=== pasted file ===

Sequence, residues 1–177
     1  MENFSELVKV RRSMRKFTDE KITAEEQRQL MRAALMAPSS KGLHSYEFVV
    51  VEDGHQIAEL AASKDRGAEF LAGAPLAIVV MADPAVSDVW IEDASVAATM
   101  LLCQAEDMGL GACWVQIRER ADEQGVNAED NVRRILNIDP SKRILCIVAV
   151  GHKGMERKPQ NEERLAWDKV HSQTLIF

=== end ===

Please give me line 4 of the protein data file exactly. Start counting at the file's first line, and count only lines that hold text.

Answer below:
   101  LLCQAEDMGL GACWVQIRER ADEQGVNAED NVRRILNIDP SKRILCIVAV